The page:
• Limited network exemption. PSD currently provides an exemption for payment services based on instruments used to acquire goods or services in or on the issuer's premises or within a limited network of service providers or for limited range of goods or services. PSD2 includes a recital that payment activities covered by the limited network exemption often comprise significant payment volumes and values, as well as hundreds or thousands of different products or services. This does not fit the purpose of the original limited network exemption. Consequently, this exemption has been significantly narrowed and the circumstances in which a payment instrument should be considered to be used in a limited network are clarified. Further, where the network of service providers is limited to particular merchants, this should not fall into the exemption.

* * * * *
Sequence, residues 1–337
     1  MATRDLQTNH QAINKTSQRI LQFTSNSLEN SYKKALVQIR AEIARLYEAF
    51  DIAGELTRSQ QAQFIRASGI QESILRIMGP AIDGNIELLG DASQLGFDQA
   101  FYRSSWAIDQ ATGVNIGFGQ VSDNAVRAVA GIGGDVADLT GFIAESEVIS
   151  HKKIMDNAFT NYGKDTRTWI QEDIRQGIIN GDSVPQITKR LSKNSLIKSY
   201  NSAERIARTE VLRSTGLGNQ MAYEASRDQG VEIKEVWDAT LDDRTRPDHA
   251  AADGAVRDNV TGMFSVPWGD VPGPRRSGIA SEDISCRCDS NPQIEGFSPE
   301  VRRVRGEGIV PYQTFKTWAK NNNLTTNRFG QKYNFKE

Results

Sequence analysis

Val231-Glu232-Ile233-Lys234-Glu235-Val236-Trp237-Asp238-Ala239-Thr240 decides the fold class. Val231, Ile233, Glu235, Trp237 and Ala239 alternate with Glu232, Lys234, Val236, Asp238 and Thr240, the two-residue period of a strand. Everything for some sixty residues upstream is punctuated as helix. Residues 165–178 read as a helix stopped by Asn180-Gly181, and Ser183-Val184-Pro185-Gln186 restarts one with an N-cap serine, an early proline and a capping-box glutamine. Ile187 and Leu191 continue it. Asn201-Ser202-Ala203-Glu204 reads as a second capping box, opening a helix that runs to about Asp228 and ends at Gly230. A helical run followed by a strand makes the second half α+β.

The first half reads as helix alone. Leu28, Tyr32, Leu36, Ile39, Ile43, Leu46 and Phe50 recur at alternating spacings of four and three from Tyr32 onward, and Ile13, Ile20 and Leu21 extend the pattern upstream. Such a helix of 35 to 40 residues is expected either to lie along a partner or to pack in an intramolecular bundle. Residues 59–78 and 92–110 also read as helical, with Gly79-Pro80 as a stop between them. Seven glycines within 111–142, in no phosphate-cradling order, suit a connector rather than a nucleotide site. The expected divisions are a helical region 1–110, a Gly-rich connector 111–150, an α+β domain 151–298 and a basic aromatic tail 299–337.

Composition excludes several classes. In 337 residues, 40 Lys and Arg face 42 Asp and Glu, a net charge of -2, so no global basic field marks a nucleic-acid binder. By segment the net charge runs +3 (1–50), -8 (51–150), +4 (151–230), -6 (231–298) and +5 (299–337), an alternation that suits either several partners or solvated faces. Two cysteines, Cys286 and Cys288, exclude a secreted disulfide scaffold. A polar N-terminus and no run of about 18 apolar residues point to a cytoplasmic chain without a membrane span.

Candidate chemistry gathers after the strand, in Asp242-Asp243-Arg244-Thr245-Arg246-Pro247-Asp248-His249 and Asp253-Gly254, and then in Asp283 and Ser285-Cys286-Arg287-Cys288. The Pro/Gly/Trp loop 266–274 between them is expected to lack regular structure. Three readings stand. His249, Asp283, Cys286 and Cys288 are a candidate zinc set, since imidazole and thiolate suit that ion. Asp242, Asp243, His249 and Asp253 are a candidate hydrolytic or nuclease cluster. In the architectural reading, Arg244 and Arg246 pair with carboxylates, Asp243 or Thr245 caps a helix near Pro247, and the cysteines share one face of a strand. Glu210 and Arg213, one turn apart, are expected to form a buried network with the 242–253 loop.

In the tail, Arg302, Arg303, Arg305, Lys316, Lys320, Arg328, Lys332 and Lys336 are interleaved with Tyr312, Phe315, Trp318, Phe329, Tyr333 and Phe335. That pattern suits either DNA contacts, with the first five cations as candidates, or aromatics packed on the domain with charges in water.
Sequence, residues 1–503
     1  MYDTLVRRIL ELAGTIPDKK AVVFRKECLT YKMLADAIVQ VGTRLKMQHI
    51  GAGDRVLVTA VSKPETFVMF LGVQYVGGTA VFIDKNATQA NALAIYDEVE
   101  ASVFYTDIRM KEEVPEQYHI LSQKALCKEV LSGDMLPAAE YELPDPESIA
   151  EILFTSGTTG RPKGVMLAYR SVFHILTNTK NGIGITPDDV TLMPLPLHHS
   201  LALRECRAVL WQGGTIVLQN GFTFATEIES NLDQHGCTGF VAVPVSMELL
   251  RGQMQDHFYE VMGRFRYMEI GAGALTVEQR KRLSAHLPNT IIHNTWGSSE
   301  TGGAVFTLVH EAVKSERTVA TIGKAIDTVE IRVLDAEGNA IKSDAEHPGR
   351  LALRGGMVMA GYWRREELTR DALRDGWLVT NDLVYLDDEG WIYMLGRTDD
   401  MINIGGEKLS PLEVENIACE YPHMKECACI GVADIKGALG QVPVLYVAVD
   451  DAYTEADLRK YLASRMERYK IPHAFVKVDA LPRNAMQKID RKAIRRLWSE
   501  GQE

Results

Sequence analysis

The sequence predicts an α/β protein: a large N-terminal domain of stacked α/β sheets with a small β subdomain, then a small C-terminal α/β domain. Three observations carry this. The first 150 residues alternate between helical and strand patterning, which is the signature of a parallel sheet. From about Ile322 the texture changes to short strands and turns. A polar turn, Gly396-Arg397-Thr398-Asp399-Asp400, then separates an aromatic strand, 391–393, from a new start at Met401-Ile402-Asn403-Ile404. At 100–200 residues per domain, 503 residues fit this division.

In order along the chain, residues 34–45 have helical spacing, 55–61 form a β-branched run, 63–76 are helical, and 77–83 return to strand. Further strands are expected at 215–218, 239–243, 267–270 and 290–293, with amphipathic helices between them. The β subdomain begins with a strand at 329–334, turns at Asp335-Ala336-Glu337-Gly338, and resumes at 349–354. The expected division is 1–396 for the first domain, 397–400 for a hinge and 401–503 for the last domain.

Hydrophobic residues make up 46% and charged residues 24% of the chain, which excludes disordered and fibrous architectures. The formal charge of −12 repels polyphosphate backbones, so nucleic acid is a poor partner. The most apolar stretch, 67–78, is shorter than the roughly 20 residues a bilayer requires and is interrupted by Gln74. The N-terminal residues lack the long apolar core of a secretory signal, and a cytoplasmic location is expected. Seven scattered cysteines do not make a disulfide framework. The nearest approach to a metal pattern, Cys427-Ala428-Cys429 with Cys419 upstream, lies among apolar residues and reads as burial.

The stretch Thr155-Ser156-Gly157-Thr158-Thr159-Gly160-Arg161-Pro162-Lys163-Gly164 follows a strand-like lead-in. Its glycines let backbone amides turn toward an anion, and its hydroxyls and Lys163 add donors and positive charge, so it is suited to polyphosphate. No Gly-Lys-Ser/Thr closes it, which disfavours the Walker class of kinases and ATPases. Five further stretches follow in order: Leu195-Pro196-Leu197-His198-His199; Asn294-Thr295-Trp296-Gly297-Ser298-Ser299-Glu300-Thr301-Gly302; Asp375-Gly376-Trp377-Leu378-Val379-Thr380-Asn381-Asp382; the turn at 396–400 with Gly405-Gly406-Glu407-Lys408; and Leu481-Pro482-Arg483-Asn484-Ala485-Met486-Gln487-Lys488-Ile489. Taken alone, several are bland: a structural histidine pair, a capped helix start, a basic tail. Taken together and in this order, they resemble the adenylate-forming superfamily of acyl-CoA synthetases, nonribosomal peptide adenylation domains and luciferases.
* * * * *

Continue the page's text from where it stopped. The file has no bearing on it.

• Download exemption. PSD also provides an exemption for payment transactions executed by means of any telecommunication, digital or IT device, where the goods or services purchased are delivered to and are to be used through a telecommunication, digital or IT device, provided that the operator does not act only as an intermediary between the payment service user and the supplier. Whilst there has been no evidence that this exemption has been expanded beyond its original intentions, PSD2 clarifies the position as to when the download exemption can be relied on and gives examples – the exemption should focus specifically on micro-payments for digital content and voice-based services. Limits have been included in the exemption, such that an individual transaction cannot exceed €50, the cumulative value of payment transactions for an individual subscriber cannot exceed €300 per month and an account cannot be prefunded by more than €300 per month.